We all set goals for ourselves and then, truth be told, most of us forget the goals and just continue our daily routine. In order to succeed and help our customers succeed, we must be willing to be relentless in the pursuit of our goals.
There is a group of people that have formed a subculture that demonstrate this unending, unwavering drive to achieve. They are those people who set out to hike the Appalachian Trail from one end to the other in a single trip. They are called thru-hikers.
To add a little perspective to the goal of a thru-hike, the Appalachian Trail (AT) runs 2,178 miles from Springer Mountain in Georgia to Mt. Katahdin in Maine. Most thru-hikers start in Georgia in the spring and finish in Maine about 6 months later. And they do this with a backpack that can weigh as much as 40 pounds strapped to their back.
They walk anywhere from 10 to 20 miles each day, encountering many challenges that nature throws their way—weather, wildlife (bears, snakes, skunks, bees, etc.), dramatic elevation changes, primitive shelters or no shelter for sleeping, injuries (lots of ankle sprains, many ankle breaks), etc.
Now that you are convinced that they are crazy, what can we learn from them? Here are a few things that I think are worth applying to our everyday work.
1. Teamwork. The thru-hikers are all on their own or in small groups. But they all help each other and work together to achieve their common goal—to summit Mt. Katahdin. They even give each other “trail names,” nicknames to be used only on the AT.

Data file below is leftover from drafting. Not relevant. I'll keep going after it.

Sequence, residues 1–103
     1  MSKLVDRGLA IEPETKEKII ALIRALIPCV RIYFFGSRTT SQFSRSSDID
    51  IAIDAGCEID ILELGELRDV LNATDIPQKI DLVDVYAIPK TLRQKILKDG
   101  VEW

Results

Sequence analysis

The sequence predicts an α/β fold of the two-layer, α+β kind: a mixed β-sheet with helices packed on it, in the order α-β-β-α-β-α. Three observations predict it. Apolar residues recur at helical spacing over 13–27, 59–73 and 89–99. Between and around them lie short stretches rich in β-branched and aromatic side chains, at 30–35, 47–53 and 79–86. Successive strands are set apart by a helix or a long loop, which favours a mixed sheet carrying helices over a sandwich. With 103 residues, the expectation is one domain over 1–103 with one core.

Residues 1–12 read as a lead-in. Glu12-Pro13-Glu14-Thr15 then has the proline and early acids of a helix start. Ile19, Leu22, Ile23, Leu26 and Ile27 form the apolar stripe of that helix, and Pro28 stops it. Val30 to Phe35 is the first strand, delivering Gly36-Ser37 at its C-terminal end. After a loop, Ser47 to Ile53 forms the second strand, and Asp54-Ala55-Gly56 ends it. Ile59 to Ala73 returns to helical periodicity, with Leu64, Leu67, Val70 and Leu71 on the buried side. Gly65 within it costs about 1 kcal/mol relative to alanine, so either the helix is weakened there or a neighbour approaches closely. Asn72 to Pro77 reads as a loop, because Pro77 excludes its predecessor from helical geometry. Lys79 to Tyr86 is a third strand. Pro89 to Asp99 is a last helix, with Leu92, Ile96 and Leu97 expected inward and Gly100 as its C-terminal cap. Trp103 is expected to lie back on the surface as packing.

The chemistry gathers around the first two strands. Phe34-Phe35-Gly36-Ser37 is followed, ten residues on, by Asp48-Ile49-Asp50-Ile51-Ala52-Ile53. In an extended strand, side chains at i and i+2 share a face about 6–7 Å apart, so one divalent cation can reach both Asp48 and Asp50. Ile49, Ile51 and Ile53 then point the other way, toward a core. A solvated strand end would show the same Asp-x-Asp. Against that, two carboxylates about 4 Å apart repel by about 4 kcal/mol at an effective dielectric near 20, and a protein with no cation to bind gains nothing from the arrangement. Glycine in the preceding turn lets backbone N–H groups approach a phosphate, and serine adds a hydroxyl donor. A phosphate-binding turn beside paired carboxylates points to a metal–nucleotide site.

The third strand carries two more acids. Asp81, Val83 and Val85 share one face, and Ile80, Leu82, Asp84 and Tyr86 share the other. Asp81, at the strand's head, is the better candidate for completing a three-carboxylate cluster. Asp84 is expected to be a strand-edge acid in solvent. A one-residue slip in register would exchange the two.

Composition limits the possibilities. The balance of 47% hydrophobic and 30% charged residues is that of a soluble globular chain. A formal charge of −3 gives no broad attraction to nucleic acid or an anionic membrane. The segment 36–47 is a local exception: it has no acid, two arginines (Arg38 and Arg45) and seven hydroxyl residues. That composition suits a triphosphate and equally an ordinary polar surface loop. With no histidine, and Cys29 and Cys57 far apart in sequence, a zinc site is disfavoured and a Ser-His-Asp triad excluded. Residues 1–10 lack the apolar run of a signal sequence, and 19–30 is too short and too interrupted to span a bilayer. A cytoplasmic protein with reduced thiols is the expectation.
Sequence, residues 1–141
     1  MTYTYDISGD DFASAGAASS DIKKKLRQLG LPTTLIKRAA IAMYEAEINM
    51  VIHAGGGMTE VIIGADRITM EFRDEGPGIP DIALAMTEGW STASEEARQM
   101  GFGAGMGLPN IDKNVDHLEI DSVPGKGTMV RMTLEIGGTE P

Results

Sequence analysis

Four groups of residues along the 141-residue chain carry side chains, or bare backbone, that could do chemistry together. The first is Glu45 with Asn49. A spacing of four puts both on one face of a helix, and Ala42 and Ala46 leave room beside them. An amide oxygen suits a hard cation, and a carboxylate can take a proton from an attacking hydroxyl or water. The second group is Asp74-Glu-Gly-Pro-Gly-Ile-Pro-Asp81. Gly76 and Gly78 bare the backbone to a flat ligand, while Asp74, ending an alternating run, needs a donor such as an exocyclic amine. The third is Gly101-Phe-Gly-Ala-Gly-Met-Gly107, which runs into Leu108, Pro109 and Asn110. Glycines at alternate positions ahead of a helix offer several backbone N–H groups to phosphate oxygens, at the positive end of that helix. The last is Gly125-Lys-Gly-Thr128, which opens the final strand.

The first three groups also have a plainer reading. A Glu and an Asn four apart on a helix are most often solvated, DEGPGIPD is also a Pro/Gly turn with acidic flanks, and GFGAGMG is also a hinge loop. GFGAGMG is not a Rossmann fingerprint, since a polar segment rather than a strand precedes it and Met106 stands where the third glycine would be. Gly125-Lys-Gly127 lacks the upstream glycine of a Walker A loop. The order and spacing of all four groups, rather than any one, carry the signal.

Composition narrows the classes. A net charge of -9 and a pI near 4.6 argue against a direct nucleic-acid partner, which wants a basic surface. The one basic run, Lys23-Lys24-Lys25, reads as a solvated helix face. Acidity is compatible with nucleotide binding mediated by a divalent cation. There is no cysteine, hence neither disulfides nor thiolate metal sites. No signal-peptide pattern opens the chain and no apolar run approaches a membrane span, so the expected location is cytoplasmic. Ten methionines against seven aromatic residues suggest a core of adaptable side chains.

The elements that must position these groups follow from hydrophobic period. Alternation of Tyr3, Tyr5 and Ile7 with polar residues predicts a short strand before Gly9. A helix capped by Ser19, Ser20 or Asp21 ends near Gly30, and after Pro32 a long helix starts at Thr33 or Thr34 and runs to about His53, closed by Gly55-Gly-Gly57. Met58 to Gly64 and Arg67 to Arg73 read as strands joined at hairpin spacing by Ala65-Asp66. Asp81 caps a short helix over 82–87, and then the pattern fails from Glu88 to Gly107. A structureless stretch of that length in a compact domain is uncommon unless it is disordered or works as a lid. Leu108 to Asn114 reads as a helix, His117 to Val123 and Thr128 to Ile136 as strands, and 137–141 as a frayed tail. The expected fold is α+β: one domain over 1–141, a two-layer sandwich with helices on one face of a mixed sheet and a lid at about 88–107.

2. Resourcefulness. Out in the wilderness, you get real resourceful, real fast. You learn how to find and filter water, how to find a safe place to sleep, how to dry wet clothes, how to keep the bears out of your food (and therefore out of your campsite!), and so on. Mostly, the thru-hikers use the many natural things at their disposal to accomplish these tasks.
3. Self-Awareness. Thru-hikers go off the trail occasionally to go into town and buy food, medicine and other supplies. I won’t sugarcoat this—after a week on the trail, a hiker is hardly civilized. They smell, they are disheveled and they are dirty. But they recognize that and either spruce themselves up first or go to places that are known to cater to thru-hikers. Back on the trail, they rarely take risks that they are not capable of handling. Trying to climb a rock that is over your skill level is a quick way to injure yourself and require a trip home.
4. Persistence. The hikers that make it from Springer to Katahdin are persistent. There are times they want to go off trail and go home and take a warm shower, have a drink and watch TV. But they know that the only way to achieve their goal is to stick with it. They trudge on in the rain because they know that the next day will be a sunny, dry 20-mile trek through beautiful terrain.
All of these traits can help us achieve our goals too. Work together as teams all pulling in the same direction to achieve the same goal—success for your customers. Be resourceful and find new ways to serve your customers and help them, especially during these challenging times. Know your strengths and leverage them. Know your weaknesses and compensate for them. And be persistent, relentless, uncompromising.
Take a thru-hiker approach to hitting your goals. Think about how the sense of achievement that a thru-hiker must feel at the top of Mt. Katahdin.